Pleasant Valley will have an annual energy production of approximately 804,000 MWh per year. Deliveries and commissioning of the Pleasant Valley project are expected to take place in the fourth quarter of 2015. Vestas factories in Colorado are expected to be involved in the manufacturing of the nacelles, blades and towers for the project.

Following commissioning of the project, ownership of Pleasant Valley will be transferred from RES Americas to Xcel Energy (NYSE: XEL).

Vestas’ original MSA with RES Americas included up to 610 MW in potential orders. Since this agreement was signed, RES Americas and Vestas have agreed to transfer components used for qualification for the Production Tax Credit (PTC) as well as production slots reserved by RES Americas via the MSA, to other parties. Vestas has previously announced several of these orders independently and without reference to the original MSA with RES Americas.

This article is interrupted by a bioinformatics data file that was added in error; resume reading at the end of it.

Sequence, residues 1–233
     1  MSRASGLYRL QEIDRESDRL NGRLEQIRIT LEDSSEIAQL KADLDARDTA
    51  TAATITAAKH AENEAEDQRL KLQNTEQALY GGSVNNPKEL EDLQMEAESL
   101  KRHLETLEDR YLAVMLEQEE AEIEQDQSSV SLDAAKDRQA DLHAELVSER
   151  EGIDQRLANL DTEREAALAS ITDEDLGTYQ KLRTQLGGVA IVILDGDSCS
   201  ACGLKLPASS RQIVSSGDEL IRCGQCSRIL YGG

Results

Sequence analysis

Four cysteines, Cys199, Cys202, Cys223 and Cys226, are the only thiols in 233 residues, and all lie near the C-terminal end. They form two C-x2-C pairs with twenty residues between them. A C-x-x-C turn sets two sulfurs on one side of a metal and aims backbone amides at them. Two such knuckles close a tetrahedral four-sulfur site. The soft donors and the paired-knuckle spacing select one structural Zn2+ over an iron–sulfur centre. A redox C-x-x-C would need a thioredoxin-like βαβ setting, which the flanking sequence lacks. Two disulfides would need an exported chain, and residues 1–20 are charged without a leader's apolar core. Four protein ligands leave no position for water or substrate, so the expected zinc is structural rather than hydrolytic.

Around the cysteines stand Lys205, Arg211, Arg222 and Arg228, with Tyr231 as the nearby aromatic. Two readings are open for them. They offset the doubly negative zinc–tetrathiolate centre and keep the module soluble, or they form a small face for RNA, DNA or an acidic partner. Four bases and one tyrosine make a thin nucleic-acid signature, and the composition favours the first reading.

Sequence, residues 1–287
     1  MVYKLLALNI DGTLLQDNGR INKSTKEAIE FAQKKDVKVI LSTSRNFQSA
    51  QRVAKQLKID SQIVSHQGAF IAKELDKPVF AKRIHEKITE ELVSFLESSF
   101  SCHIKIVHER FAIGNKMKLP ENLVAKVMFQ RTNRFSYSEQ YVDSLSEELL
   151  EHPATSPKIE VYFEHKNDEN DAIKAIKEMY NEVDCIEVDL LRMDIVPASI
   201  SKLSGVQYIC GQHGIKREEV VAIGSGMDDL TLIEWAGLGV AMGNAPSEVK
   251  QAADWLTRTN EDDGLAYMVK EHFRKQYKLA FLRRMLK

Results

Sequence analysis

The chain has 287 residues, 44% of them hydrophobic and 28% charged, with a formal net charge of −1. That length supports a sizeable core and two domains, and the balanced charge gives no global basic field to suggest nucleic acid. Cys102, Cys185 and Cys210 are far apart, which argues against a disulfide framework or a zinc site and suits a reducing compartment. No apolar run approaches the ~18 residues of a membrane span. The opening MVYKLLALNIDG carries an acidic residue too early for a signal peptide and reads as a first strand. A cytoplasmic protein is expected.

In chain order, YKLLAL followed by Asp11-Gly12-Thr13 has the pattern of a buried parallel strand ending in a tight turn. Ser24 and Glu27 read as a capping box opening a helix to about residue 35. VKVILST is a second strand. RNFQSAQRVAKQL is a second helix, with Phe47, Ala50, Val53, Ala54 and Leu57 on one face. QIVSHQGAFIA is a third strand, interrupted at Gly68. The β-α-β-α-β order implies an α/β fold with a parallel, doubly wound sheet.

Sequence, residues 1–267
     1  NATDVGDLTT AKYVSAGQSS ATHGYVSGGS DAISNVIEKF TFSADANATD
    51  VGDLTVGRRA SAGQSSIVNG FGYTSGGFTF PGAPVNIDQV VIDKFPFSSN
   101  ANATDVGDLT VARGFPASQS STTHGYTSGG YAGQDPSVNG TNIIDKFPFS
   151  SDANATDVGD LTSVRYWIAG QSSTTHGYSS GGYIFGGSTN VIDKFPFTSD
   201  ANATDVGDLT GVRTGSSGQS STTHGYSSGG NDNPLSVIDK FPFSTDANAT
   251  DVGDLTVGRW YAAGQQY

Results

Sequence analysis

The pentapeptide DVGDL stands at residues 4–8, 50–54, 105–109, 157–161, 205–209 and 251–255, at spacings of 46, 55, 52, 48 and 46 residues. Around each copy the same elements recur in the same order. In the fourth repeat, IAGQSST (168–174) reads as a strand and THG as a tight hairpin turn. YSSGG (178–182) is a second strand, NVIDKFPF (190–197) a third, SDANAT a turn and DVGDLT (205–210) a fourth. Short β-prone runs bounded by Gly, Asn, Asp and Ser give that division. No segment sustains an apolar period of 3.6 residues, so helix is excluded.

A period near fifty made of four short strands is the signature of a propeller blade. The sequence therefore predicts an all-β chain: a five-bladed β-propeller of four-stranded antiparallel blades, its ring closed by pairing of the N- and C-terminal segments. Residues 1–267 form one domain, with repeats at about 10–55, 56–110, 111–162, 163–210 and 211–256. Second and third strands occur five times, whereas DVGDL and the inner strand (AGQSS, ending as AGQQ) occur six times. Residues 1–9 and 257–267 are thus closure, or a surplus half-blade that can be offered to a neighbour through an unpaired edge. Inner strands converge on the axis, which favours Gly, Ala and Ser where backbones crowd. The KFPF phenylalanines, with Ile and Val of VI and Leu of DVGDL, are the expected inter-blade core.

RES Americas announced July 2 that it has received a notice to proceed (NTP) for construction of the Pleasant Valley Wind Project, located in Mower and Dodge counties in southeast Minnesota. RES Americas is the developer and engineering, procurement, and construction (EPC) contractor of Pleasant Valley. 

EDF Renewable places orders for two wind projects

Vestas said separately on June 28 that EDF Renewable Energy has placed an order for 75 of its V110-2.0 MW turbines for the 150-MW Slate Creek Wind Project in Kansas and for 150 of the V100-2.0 MW turbines for the 300-MW Roosevelt Wind Project in New Mexico.

These orders are call-offs on a master supply agreement (MSA) announced in September 2013 for multiple U.S. projects, the potential of which totals 1,174 MW. With these new orders, Vestas has secured 944 MW under this MSA. Both projects include three-year Active Output Management 5000 service agreements.

“It’s a privilege for Vestas to continue working with a leading global energy company such as EDF Renewable Energy. Slate Creek will be our first V110-2.0 MW project with EDF RE, and Roosevelt will be the largest wind park in New Mexico,” said Brown.